Context: Niti Aayog has prepared a draft national policy on migrant workers. It is a prompt to reimagine labour-capital relations.

  • The Niti Aayog draft will be sent to the Labour Ministry, en route to Cabinet and Parliament.
  • At least 26 lakh migrant workers were stranded across the country, according to the Chief Labour Commissioner’s Office, and the government told Parliament that at least 10 lakh of them returned home during the COVID-19 crisis


  • The draft flags how a fragmented labour market obscures supply chains and relationships between business owners and workers. 
  • The existing gap in the unionization of migrant workers is also an important reason for the precarious nature of their employment.
  • “Political exclusion” leaves migrants “unable to make political demands for entitlements or seek reforms.”
  • Identifying institutional gaps: States have limited engagement with migrants. For example, in Jharkhand and Chhattisgarh, anti-trafficking units focused on minor women have suffered with inadequate staff and poor supervision of migration trends.
    • Programmes such as MNREGA and State Rural Livelihood Mission are meant to check out-migration by tribals but that hasn’t succeeded.
  • Tribals are not “actively included” in skill development schemes and were not able to access them because of “lack of awareness and tedious paperwork and processes.

Key points of the draft:

  • The draft has suggested that political inclusion could be key to bridging the gaps in their access to health services, basic entitlements, food security, education and so on. 
  • Mechanisms to “enable voting” so that political inclusion will “enhance accountability of political leadership towards welfare of migrant workers of their respective states.”
  • Ministry of Labour to set up a special unit on migration.
  • Inter-state migration management bodies to cover the nation’s key migration corridors: Uttar Pradesh and Mumbai; Bihar and Delhi; Western Odisha and Andhra Pradesh; Rajasthan and Gujarat, and Odisha and Gujarat.
    • It could help to create an institutional framework for timely and targeted response in crises.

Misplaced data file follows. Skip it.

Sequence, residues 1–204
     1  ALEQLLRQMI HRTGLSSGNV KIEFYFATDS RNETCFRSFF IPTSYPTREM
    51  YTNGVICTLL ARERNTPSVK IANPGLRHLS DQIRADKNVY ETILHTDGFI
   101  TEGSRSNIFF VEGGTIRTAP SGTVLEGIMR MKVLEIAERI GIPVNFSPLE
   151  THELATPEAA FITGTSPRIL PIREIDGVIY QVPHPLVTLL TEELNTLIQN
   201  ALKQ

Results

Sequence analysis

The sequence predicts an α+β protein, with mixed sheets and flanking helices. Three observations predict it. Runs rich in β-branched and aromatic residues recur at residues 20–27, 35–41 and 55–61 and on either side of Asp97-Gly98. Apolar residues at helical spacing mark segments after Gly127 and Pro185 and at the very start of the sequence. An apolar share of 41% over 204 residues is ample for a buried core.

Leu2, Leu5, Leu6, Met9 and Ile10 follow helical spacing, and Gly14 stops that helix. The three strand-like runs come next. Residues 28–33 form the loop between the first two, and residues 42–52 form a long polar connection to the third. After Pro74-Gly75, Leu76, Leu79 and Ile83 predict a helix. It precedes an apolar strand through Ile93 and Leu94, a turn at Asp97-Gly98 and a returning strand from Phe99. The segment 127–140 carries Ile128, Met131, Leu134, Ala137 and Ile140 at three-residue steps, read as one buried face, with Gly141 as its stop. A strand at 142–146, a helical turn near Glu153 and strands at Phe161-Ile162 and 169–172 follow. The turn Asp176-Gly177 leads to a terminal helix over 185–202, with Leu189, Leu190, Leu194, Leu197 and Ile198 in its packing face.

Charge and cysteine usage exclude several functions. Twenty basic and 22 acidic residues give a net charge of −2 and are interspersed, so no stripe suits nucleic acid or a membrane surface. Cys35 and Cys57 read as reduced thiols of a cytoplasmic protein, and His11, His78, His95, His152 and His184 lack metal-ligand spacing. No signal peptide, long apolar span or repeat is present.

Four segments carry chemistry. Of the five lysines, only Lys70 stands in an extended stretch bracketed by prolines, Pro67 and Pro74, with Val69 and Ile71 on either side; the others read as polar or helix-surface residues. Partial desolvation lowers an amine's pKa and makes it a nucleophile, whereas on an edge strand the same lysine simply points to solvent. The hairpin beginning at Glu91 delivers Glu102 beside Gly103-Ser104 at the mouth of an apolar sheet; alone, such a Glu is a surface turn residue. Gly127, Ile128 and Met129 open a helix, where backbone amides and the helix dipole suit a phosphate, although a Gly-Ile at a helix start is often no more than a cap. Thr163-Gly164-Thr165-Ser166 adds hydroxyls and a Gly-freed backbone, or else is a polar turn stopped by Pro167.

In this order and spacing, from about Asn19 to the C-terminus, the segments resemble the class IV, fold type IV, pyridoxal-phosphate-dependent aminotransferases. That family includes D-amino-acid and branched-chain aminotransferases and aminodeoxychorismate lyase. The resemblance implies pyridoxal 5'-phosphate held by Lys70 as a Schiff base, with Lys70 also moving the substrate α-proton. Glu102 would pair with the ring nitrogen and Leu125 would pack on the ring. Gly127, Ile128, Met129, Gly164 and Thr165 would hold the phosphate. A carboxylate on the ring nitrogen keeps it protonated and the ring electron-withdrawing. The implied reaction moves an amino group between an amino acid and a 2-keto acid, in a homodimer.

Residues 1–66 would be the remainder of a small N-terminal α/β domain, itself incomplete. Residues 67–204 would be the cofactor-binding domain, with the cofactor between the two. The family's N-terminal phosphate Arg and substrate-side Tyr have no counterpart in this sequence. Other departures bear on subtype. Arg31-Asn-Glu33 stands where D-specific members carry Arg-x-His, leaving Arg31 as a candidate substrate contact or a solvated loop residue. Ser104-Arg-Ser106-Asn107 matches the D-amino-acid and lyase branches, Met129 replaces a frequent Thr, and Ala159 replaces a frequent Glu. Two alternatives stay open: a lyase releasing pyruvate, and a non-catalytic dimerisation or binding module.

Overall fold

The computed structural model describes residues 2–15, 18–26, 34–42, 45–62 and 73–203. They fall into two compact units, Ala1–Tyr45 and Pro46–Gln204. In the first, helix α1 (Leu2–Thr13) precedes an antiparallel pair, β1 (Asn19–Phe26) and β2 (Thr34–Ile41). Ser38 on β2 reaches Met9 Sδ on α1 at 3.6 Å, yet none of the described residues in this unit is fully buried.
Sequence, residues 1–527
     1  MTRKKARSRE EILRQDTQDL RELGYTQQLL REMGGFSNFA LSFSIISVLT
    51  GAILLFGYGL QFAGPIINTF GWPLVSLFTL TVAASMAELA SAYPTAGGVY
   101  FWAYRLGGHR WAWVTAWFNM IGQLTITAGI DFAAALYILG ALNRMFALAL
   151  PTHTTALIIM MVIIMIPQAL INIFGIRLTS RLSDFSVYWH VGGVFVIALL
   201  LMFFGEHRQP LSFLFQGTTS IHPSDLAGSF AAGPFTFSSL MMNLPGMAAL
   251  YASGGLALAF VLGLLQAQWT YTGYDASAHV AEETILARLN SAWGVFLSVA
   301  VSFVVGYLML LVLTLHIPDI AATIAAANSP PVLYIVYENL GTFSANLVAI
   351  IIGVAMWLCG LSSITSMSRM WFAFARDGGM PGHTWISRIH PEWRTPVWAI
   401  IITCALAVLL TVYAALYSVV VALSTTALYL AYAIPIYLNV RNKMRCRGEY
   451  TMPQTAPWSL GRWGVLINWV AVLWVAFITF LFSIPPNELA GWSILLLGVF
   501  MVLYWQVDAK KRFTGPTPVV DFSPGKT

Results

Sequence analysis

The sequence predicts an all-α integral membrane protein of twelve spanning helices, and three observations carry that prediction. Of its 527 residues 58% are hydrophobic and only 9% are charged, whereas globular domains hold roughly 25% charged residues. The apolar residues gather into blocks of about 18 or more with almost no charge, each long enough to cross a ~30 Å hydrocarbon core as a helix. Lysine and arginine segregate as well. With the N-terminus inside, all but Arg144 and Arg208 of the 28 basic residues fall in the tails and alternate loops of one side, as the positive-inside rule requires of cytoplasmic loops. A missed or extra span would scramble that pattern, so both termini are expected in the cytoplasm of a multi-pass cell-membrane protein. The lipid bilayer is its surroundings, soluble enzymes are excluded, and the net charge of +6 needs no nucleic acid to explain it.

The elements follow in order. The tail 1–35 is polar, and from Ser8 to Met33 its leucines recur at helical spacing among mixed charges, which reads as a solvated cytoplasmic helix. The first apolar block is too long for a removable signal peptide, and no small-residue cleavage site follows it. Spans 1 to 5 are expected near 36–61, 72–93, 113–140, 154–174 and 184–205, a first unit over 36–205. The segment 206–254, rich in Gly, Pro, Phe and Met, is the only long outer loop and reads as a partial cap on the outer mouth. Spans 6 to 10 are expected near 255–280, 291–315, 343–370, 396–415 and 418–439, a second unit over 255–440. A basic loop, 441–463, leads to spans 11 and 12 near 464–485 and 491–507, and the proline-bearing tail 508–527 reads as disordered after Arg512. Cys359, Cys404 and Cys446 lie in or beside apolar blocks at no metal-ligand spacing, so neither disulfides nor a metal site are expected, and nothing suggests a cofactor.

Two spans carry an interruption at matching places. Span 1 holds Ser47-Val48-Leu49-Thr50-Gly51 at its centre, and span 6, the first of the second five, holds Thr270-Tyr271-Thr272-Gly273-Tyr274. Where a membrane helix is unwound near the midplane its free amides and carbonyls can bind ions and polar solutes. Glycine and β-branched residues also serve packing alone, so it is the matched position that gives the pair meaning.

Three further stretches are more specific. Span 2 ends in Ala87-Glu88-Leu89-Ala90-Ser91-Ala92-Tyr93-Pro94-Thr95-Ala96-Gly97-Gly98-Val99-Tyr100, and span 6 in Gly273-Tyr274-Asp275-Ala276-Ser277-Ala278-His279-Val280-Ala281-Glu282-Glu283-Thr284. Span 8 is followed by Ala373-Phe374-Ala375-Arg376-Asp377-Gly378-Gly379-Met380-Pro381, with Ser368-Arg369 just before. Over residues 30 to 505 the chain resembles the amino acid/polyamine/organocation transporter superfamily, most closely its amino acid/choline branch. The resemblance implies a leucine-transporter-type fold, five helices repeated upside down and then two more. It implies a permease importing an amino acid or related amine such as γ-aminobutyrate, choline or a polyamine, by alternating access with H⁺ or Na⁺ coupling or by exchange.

• Each state should establish a migrant workers section in their Labour department. 
    • Source states should send nodal officers to destination states to work collectively with the labour officers.
    • The policy calls for the state’s Tribal department to have one inspector at the block level and Labour one at the district level.
  • Government policies should not hinder but seek to facilitate internal migration.
  • Migrants should be the target of Disaster Risk Reduction (DDR) programmers in urban centres.
  • Portability of welfare schemes: Access to health and other social protection programmes should be portable across state borders.
    • The government has taken steps to ensure portability of welfare schemes, especially access to the public distribution system, beyond state borders. 
    • More needs to be done on that front.
  • Skill mapping using Aadhaar to avail of social security schemes.
  • Psycho-social assistance through a national helpline.
  • A rights-based approach to welfare and social security would work only if the workers have agency, as the draft has indicated. 
  • Politicisation, unionisation and mobilisation as workers in the past has forced parties and governments to see welfare as an essential aspect of industrial development. 

The Niti Aayog draft is a prompt to reimagine labour-capital relations while integrating the migrant workers within the formal workforce. This is necessary to build a compassionate society and a competitive economy.